• Bank investors beware! Power loans may trip next

    In order to give better clarity of the stress they were carrying on their balance sheets, three large banks at the beginning of fiscal 2017 disclosed lists of close to Rs 1 lakh crore of loans from where they expected future slippages to evolve.

    Three quarters down the line, close to 39% of these “watch-list” accounts have slipped into the non-performing category , while only about 6% – Rs 6,100 crore -was either recovered or upgraded from the list.

    It appears difficult to conclude which lender has optimally managed its list of loans that would cause future pain given varied parameters.

    Among the three lenders that created inventories of stressed assets, or loans to “below investment grade companies”, the slippages from the lists have been varying. At 55%, the announced quantum of slippage from the watch list was the highest for Axis Bank, followed by SBI (44%) and ICICI Bank (27%).

    With such high level of recognition, Axis appears on track to recognise a substantial portion of the watch list as NPAs as it guided in April last year -the slippages are commensurate with the level of bad assets growth. Between March and December 2016, Axis reported the steepest rise of 355 basis points in its gross NPA ratio, as against ICICI’s 199 bps and SBI’s 73 bps growth.

    The nature of lists differs, too. Axis has only included its fund-based exposures to the list even as in the last nine months it also saw close to Rs 464 crore of devolvement from the non-fund-based (credit guarantees) exposure into the watch list. ICICI Bank includes nonfund-based exposure of the slipped accounts from the list in the total exposure. While Axis has termed its list to be a “closed“ one with no additions to be made over two years ending FY18, SBI has not ruled out changes though the quantum is unlikely to be that big.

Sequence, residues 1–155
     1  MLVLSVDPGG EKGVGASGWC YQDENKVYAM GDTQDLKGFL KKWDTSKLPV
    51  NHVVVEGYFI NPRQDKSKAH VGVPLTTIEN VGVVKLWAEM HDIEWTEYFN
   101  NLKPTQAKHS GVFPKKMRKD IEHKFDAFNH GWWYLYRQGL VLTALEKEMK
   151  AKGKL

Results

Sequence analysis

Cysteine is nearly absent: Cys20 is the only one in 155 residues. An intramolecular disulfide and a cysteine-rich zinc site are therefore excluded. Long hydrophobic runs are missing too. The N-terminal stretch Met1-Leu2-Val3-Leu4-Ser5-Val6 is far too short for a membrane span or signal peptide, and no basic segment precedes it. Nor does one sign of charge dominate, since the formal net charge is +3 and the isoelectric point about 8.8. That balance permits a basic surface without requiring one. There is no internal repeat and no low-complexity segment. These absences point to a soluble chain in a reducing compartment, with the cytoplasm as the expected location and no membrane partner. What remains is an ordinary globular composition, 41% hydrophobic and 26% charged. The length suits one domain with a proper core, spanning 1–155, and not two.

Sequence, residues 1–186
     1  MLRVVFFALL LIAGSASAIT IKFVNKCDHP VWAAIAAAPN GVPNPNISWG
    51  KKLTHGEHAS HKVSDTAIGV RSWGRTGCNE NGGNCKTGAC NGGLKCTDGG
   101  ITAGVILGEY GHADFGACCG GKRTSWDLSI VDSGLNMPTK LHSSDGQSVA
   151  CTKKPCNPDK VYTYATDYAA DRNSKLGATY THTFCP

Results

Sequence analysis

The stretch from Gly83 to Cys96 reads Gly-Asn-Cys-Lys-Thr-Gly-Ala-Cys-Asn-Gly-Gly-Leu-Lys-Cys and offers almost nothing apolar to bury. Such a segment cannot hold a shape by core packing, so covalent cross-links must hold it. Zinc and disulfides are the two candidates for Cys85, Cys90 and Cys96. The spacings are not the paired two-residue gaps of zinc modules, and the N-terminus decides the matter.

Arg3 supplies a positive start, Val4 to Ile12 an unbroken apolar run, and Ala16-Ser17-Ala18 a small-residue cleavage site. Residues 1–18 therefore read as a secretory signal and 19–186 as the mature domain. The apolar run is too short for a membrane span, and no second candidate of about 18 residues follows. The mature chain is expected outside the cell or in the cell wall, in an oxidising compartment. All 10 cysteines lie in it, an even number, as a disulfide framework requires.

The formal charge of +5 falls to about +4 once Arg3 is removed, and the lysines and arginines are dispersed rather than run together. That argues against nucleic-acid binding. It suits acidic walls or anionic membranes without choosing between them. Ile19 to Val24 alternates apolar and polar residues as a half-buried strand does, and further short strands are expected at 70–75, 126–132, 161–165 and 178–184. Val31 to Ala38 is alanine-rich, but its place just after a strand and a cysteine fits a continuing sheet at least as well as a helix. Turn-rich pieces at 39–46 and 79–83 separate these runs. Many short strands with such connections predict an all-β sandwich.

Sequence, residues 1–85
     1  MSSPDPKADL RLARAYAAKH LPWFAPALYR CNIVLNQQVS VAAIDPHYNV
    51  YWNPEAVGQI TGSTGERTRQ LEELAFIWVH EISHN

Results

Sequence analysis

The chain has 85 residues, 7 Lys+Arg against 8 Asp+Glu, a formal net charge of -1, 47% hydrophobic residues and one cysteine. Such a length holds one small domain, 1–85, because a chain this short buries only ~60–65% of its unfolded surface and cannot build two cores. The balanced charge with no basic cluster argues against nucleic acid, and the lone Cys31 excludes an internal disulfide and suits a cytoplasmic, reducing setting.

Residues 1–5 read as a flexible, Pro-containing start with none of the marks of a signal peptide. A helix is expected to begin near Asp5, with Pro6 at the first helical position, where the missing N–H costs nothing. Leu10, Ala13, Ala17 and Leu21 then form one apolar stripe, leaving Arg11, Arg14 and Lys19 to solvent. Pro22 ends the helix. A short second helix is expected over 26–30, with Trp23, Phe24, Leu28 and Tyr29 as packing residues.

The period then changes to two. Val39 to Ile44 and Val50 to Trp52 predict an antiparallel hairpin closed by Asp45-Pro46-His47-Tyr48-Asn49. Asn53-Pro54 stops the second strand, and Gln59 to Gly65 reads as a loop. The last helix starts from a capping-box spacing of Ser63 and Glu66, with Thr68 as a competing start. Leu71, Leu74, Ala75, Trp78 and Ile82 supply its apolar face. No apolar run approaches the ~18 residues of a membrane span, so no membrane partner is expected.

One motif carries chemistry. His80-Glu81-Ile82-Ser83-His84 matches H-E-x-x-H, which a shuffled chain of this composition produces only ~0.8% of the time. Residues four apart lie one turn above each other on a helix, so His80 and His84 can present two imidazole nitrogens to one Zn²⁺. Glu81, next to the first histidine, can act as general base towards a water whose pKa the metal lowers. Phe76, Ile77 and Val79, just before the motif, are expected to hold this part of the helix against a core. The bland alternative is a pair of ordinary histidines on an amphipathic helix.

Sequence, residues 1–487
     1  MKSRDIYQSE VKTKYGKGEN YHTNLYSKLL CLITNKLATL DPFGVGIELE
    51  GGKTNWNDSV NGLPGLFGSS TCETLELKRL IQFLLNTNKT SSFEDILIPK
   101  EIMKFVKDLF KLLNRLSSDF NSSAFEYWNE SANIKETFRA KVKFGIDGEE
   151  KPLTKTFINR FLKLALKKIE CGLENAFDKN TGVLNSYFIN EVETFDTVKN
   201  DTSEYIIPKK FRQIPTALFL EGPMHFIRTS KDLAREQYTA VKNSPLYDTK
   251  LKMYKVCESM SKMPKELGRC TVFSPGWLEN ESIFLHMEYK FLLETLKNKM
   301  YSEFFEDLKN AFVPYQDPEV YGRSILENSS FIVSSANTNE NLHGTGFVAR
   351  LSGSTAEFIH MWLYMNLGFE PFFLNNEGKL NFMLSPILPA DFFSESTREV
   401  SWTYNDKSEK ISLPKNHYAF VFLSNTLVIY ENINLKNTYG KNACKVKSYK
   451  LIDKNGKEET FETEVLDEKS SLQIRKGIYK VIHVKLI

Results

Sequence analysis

This makes the run-rate of slippages from outside the list an interesting tool to gauge the purpose of the watch list. Although SBI, which is confident of not overshooting its FY17 guidance of Rs 40,000 crore of fresh slippages into NPAs, close to a quarter of it so far has come from outside the watch list.

    ICICI has seen 48% of its gross slippages come from outside its “further drilldown list” and expects this runrate to continue. Axis has missed its guidance in this regard, with the outside watch list slippages from corporate book rising from 11% to 30%.

    In terms of sectoral recognition, the iron and steel space accounted for a fourth of total slippages from the watch list, and the power sector for more than a third, which is likely to bring the next bout of slippages. Shaquill Griffin Authentic Jersey

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